Next, Dr. Ornish invokes Dr. Hyman’s functional medicine, which is, in fact, nothing more than a mish-mash of a lot of old woo about “balance” (just leaving out the yin/yang or qi) given a fresh “science-y” gloss, as longtime skeptic Wally Sampson has described. Dr. Ornish also cites approvingly a paper that claims that “mindfulness meditation” improves the antibody titer response to the influenza vaccine. I went and looked up that paper to read while I was on the plane to Phoenix. I have to say, I was underwhelmed; indeed, it reminded me of a similar study of Tai Chi that I blogged about in that there was no attempt at blinding, but, even worse, the measures used to control for confounding factors were truly inadequate.
But Dr. Ornish hit the jackpot in provoking my annoyance when cited an acupuncture study thusly:
In patients with low back pain, response rate was 47.6% in the acupuncture group, 44.2% in the sham acupuncture group, and 27.4% in the conventional therapy group.
The medical blogosphere extensively covered this study, as did I. Suffice it to say, the study fell far short of how it was represented. Morever, the most obvious conclusions about acupuncture from the study are that: (1) it’s a placebo effect and (2) acupuncture meridians are bunk, given that there was no difference between the sham acupuncture and “real” acupuncture group. In all fairness, I don’t know what Dr. Ornish said about the slide, because the video of the conference hasn’t been posted yet, but his slide sure does lead me to suspect that, when it comes to science-based medicine, he just doesn’t get it, as does his comment to me remonstrating with me for taking him to task for saying that we are “more than just genes and germs, microbes and molecules.” Indeed, if he thinks that Leroy Hood’s work indicates that to be true, he is more misguided than I thought. Nothing in Leroy Hood’s work indicates that we are “more” than these things, only that how these things work in human physiology and disease is likely to be far more complicated than we had previously thought. It does not imply any sort of dualism, which is what Dr. Ornish seems to think that it does. He can correct me if I’m wrong.
Finally, Dr. Ornish truly buried himself when he finished up with a series of slides that concluded:
With all due respect, I ask: Transformation into what? One does not have to embrace pseudoscience to “transform” healthcare. Indeed, the best transformation of health care would be to make it more science-based. If science shows that lifestyle alterations are the best treatment for some conditions, bring it on! I’ll be all for ‘em, as they say. If science bears out Dr. Ornish’s results, I would happily recommend his diet to men with early stage prostate cancer. To me, there is no such thing as “alternative” or “integrative” medicine. There is medicine that has been validated by science as effective and safe, and there is medicine that has not. In fact, I would happily recommend even something that I now think as ridiculous as homeopathy if science could show that (1) it works significantly better than a placebo and (2) provide an reasonable scientific mechanism by which it could work. Indeed, I’d even scratch #2 if someone could show me that homeopathy could cure an incurable disease like pancreatic cancer.
In the end, the problem is that Dr. Ornish has yoked his science to advocates of pseudoscience, such as Deepak Chopra and Rustum Roy. Why he’s done this, I don’t know. The reason could be common philosophy. It could be expedience. It could be any number of things. By doing so, however, Dr. Ornish has made a Faustian deal with the devil that may give him short-term notoriety now but virtually guarantees serious problems with his ultimately being taken seriously scientifically, as he is tainted by this association. Let me yet again reemphasize that this relabeling of diet, exercise, and lifestyle as somehow being “alternative” is nothing more than a Trojan Horse. Inside the horse is a whole lot of woo, pseudoscience and quackery such as homepathy, reiki, Hoxsey therapy, acid-base pseudoscience, Hulda Clark’s “zapper,” and many others, all contradictory, virtually all pseudoscientific, but all intentionally hidden within the Trojan horse of diet and exercise. Once the horse is within the fortress of scientific medicine, the quackery will leap out and take over. Thus, as far as I’m concerned, the answer is not to blindly accept diet and exercise as “alternative,” but rather to smoke out the quackery from within the Trojan horse constructed by CAM advocates and then return diet, exercise, and lifestyle interventions to where they were before they became “alternative” and to where they should be: In the realm of scientific medicine. Dr. Ornish could be a huge help in accomplishing this. Indeed, one of my commenters put it very well:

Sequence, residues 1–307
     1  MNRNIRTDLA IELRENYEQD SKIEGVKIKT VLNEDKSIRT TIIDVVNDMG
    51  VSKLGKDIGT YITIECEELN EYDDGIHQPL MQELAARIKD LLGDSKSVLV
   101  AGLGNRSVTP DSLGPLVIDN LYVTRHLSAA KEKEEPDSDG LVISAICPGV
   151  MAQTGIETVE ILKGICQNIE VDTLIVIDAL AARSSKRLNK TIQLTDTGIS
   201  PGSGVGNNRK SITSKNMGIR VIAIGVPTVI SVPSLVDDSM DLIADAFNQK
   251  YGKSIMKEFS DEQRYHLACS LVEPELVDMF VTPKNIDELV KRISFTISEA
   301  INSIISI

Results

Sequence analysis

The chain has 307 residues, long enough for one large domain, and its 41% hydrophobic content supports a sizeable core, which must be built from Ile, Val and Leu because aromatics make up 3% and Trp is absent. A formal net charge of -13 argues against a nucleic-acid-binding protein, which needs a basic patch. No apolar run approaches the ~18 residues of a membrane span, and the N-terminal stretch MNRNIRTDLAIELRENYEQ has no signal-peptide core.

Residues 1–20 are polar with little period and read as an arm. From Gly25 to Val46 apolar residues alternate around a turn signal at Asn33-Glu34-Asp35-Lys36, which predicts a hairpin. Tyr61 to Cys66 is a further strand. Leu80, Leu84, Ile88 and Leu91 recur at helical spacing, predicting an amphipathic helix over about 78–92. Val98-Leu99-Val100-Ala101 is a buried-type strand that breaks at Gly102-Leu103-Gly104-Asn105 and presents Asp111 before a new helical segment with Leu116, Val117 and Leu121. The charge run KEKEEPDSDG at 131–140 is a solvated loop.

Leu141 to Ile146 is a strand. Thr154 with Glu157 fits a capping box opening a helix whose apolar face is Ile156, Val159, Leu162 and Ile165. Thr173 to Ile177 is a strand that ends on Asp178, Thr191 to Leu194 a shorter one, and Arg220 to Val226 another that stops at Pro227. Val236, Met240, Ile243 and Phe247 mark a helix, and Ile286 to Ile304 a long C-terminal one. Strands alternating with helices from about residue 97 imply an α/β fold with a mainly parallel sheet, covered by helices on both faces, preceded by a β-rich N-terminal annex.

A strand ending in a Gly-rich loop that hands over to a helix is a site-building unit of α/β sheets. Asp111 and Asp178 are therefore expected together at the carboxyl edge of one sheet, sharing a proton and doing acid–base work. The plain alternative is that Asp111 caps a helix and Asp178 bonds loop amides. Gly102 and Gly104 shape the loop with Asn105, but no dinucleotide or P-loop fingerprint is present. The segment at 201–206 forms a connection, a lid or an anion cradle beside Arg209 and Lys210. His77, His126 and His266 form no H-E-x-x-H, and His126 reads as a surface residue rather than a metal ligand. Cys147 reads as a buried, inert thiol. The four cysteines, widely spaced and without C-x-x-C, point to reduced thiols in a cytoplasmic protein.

You’re doing science-based preventive medicine. Prevention and health care maintenance have always been core concerns of medical science. Nothing “alternative” about it.
So what do you need CAM for?
Why sit with that army of anti-science quacks on their side of the table when you could be over here with us? (Srsly. Take a look at Weil. Dude knows his way ’round a bong and a sandwich LOL.)
We try not to lie to the people, even though it might be fun. We don’t like to over-state our data, unless we’re really drunk. We don’t like getting called on our bullshit, but we accept that this might sometimes be necessary for the greater good.
We are tough. We are rockin’. Chicks dig us!
So get yer ass over here!
I echo the sentiment, and say to Dr. Ornish: “Get your ass over here, back on the side of science- and evidence-based medicine.” Or, channeling Luke Skywalker trying to persuade Darth Vader, “I know you can still turn away from the Dark Side.”
What do you need “alternative” medicine for, Dr. Ornish? Really? Think about it. What has it done for you other than lump you together with the crystal gazers, shamanic chanters, and purveyors of quackery? I do not say “unfairly lump you,” because you yourself chose this association, and you yourself can choose to end it.
You have the potential to be a pioneer in showing scientifically just what dietary and lifestyle interventions can really do, but instead, you’re letting a bunch of opportunistic apologists for quackery coopt you and your work for their own purposes. They’re using you, and your diet is nothing more than a convenient tool, a “foot in the door,” if you will, behind which quackery will follow.
Stop it. Please.